Community Papers

Greater Victoria Boys and Girls Club to close Yates Street activity centre

The Victoria branch of the Boys and Girls Club of Greater Victoria is closing this summer and relocating to Esquimalt after expensive repair costs became prohibitive in the former fire hall building at 1240 Yates St. - Google Maps
The Victoria branch of the Boys and Girls Club of Greater Victoria is closing this summer and relocating to Esquimalt after expensive repair costs became prohibitive in the former fire hall building at 1240 Yates St.
— image credit: Google Maps

The Victoria branch of the Boys and Girls Club Services of Greater Victoria is closing its doors this summer after a half-century in the former fire hall building at 1240 Yates St.

Looming repair costs and seismic upgrading concerns are forcing the relocation of the club to newer offices at 1195 Esquimalt Rd., within walking distance of the Harbourside Esquimalt Club and close to the Vic West club on Craigflower Road, said executive director Dalyce Dixon.

“For over five decades our home base at 1240 Yates Street has served our community well," Dixon said. "In recent years we have come to realize that the aging building has some overwhelming challenges that are beyond our resources to adequately address.”

The number of youth who live within walking distance of the 22,000 square-foot Yates Street facility has also declined drastically since the club opened in 1960, she added.

Dixon said both the Fairfield Gonzales Community Association and Fernwood Community Centre are excellent nearby facilities that will continue to serve residents near the old facility.

Local Boys and Girls Clubs operate in Esquimalt, VicWest, Central Saanich, and the Westshore including Langford, Colwood and Metchosin.

The history of the facility is described below from a Boys and Girls Club of Greater Victoria press release:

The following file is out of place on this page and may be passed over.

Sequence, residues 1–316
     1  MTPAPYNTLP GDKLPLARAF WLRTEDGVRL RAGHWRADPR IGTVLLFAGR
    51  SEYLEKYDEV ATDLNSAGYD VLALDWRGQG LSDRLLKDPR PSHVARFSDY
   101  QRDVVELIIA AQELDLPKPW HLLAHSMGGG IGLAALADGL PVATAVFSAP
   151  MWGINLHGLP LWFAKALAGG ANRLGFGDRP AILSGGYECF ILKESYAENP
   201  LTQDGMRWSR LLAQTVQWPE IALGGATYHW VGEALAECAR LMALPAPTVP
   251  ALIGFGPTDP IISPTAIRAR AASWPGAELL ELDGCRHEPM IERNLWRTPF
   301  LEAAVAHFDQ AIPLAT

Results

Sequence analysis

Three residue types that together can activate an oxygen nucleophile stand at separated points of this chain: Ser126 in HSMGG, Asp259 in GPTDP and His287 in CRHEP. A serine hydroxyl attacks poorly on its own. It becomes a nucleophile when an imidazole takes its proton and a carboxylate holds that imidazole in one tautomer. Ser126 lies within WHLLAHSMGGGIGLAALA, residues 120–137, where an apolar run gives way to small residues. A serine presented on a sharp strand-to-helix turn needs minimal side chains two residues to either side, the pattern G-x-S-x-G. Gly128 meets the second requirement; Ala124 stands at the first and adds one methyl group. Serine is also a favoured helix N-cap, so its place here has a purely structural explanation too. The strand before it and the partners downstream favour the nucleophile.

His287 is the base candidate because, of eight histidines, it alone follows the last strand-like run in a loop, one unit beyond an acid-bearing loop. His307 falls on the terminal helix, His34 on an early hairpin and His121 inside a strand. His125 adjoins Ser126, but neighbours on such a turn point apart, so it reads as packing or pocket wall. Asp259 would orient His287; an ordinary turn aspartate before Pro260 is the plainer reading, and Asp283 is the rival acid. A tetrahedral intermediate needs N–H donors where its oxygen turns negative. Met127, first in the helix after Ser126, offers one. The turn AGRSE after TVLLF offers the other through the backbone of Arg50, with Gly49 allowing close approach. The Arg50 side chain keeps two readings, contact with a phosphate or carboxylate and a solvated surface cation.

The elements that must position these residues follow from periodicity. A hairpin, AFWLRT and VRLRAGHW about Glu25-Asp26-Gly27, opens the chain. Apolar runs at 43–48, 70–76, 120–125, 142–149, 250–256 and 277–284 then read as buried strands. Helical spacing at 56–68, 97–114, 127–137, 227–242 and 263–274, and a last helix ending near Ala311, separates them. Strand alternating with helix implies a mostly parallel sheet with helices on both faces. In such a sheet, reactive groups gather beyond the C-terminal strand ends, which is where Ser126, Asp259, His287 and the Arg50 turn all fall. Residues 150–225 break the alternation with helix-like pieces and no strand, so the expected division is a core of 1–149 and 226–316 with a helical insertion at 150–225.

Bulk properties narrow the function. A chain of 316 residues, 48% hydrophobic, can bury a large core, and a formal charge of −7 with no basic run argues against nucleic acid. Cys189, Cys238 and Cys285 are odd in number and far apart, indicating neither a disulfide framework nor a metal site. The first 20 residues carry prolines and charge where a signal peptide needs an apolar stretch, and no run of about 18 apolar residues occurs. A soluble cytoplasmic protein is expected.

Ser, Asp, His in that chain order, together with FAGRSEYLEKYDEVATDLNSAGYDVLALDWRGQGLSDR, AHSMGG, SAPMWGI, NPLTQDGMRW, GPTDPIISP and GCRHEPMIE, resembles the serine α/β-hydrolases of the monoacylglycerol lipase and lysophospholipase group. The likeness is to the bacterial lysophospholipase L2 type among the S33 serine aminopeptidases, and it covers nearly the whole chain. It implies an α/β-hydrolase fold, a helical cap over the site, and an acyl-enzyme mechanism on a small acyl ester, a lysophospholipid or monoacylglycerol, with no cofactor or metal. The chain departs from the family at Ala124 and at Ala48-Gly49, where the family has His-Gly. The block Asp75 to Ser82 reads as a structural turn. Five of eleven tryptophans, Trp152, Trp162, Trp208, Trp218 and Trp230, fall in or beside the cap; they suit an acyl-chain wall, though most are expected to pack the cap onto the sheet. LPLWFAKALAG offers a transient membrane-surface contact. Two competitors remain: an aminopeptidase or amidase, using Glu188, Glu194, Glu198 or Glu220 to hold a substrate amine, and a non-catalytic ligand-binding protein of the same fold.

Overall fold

The Victoria Club was conceived by the late Colonel Bull as a ‘living’ memorial to his son who had been shot down in WWII in 1943.  He gathered together some of his friends and acquaintances to assist in its formation and to serve as directors. In 1960 they convinced the city council to provide the recently discarded Yates Street fire hall as a clubhouse. The directors then provided or raised sufficient funds to start and maintain the Club in its early years.

Initially the primary purpose of the club was to provide activities suited to the many, many children and youth living in the immediate area of the club. There was little to occupy them in their spare time and what was then Central Junior High School across the road was greatly overcrowded and understaffed and unable to offer much in the way of after school activities. The programs offered by the club consisted largely of team sports and craft activities that could be carried out in the building and on adjacent school playing fields. The staff and volunteers provided the needed guidance together with a friendly ear, some counseling and positive role models for those who needed it.

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